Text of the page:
Mobile

Sep 112012

40 Finalists Emerge in $1M Innovation Challenge

Forty pioneering digital journalism projects have been shortlisted as finalists in the inaugural $1 million African News Innovation Challenge (ANIC).

Aug 12012

Knight Fellow Cultivates Data Journalism in Africa

Media outlets struggle to keep pace with rapidly changing technology, and lagging revenues reflect that. Justin Arenstein, a Knight International Journalism Fellow, believes that data journalism is the solution for sustainable media in Africa.

In this TechCentral profile, Arenstein suggests that news organizations should digitize content and open their data archives to third parties for development.

Training the Next Generation of Tunisian Media Professionals

In partnership with The Institute of Press and Information Sciences (IPSI) at the University of Manouba in Manouba, Tunisia, ICFJ is implementing an internship program for Tunisian master’s degree journalism students. The internship program’s goal

The group of eight Tunisians depart from the airport in Tunis on their way to the U.S. for the start of the ICFJ program Training the Next Generation of Tunisian Media Professionals. Seven of the eight have never before been on a plane. Seeing the group off is Stephen Kochuba (center), Information Officer, U.S. Embassy Tunis.

is to educate Tunisian journalism students on U.S. and international journalistic practices and ethics. ICFJ places students in newsrooms for 17-day internships. Students observe U.S.

India Swara Training

A citizen journalist uses his cellphone to interview a woman in Central India as part of a training workshop on mobile news. (Photo by Arjun Venkatraman)

Apr 182012

SXSW and ICFJ: Eye-Catching Technologies Help Media Engage and Track Information

I attended this year’s South By Southwest Interactive Festival (SXSWi) to interact with industry leaders and explore interactive technologies we could use to help people in developing countries access and share information in new ways.

For the unfamiliar, SXSWi is a five-day extravaganza of panels, parties, free food, meetings planned and moments serendipitous, accelerators, keynotes and one massive tech trade show. Few events bring together such an amazing array of mobile and digital thinkers and innovators.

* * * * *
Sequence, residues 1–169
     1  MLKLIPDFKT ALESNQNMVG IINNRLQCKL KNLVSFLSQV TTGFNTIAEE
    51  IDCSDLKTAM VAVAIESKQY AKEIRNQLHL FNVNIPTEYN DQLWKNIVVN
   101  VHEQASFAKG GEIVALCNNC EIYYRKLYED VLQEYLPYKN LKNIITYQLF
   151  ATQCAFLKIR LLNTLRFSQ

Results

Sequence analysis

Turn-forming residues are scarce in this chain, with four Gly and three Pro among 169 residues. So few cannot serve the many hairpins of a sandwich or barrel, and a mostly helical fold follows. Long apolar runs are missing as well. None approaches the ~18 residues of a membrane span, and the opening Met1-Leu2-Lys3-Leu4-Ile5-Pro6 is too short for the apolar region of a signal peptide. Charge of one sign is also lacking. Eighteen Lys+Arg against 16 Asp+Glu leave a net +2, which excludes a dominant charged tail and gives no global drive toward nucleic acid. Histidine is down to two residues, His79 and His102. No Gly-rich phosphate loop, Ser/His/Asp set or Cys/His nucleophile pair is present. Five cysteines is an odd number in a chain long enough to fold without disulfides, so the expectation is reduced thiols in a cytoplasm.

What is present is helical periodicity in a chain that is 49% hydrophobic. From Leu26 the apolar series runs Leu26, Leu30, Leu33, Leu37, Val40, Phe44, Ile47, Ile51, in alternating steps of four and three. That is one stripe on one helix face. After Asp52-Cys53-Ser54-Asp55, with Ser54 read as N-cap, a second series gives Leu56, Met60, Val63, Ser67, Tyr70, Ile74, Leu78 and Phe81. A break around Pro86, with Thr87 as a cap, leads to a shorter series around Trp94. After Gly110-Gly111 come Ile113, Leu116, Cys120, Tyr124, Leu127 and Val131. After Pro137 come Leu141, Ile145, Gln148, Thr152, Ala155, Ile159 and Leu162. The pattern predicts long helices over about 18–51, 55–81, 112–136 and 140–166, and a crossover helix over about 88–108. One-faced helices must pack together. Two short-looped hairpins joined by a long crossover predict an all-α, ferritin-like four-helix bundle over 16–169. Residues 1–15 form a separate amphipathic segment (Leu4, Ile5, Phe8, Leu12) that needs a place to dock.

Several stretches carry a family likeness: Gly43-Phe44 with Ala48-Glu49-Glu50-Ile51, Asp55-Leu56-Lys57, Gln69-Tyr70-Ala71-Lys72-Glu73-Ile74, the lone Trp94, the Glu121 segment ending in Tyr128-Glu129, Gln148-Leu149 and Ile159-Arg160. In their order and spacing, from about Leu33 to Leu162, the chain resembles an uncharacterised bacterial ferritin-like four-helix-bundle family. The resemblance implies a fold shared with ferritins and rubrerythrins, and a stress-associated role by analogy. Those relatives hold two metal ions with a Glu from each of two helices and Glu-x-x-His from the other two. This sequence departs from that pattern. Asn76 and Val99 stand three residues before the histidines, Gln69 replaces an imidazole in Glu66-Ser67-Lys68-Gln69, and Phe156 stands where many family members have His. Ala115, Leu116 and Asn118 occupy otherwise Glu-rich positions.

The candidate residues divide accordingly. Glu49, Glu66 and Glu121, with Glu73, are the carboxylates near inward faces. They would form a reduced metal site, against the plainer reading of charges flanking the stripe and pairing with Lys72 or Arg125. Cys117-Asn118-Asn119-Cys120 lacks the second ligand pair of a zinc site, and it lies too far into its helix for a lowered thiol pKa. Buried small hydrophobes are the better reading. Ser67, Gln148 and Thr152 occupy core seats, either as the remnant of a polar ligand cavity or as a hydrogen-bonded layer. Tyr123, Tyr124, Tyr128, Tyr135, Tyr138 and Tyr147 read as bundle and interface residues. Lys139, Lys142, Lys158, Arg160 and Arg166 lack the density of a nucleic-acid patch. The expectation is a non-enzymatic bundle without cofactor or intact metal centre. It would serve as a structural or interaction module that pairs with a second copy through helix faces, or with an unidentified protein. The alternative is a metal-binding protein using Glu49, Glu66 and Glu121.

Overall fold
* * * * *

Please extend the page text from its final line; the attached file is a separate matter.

Apr 182012

In the Works: A Mobile App to Help Jordan's Farmers

Tomato farmers all over Jordan face a daily challenge. Should they collect their daily crops and send them to the central vegetable markets without knowing the market availability or price? If there is a big stock of tomatoes in that market, high supply and stable demand reduce the prices. Sometimes there aren't enough buyers and the produce goes to waste. Since there are no tomato processing facilities in Jordan, the result is a direct loss to Jordanian farmers.

Jordan Tomato Farmers

Farmers in Jordan will get reports on their cell phones about price fluctuations and market demand so they can better sell their goods. (Photo by Luigi Guarino)

Mar 212012

ICFJ's Jerri Eddings: New Technology Brings New Opportunities for African Journalists

At the 14th annual National Freedom of Information Day Conference, held at the Newseum in Washington, D.C., ICFJ Program Director Jerri Eddings said that many governments in Africa have eased restrictions on journalists. Now, she said, journalists are learning to access new kinds of information and deliver it to an increasingly tech-savvy audience across the continent.

The Newseum's First Amendment Center reported on the event.

Mar 72012

Harnessing the Power of Social Media in Developing Nations

It is hardly news to say that social media offer unprecedented opportunity to empower change through collaboration. We’ve seen this in American elections and the Arab Spring, alike. With over one billion people now active on social media around the world, and two billion Internet users, it has never been this technologically easy to connect people and work together, the world over.

But what about the billions of people who aren’t active on these social media, or don’t have access to the Internet or smartphones? Are they completely cut off?